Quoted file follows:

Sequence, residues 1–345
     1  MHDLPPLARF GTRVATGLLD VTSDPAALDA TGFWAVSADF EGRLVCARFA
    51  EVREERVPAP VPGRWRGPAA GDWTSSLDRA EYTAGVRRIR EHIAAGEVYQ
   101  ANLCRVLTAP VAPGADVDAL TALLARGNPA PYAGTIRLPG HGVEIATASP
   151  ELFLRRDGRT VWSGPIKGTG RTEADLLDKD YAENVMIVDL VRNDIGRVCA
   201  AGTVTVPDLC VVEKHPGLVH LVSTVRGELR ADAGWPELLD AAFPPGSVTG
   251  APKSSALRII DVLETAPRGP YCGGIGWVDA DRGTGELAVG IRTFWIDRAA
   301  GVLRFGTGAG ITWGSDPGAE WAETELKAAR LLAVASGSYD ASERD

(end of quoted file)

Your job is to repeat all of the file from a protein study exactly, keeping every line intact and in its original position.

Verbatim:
Sequence, residues 1–345
     1  MHDLPPLARF GTRVATGLLD VTSDPAALDA TGFWAVSADF EGRLVCARFA
    51  EVREERVPAP VPGRWRGPAA GDWTSSLDRA EYTAGVRRIR EHIAAGEVYQ
   101  ANLCRVLTAP VAPGADVDAL TALLARGNPA PYAGTIRLPG HGVEIATASP
   151  ELFLRRDGRT VWSGPIKGTG RTEADLLDKD YAENVMIVDL VRNDIGRVCA
   201  AGTVTVPDLC VVEKHPGLVH LVSTVRGELR ADAGWPELLD AAFPPGSVTG
   251  APKSSALRII DVLETAPRGP YCGGIGWVDA DRGTGELAVG IRTFWIDRAA
   301  GVLRFGTGAG ITWGSDPGAE WAETELKAAR LLAVASGSYD ASERD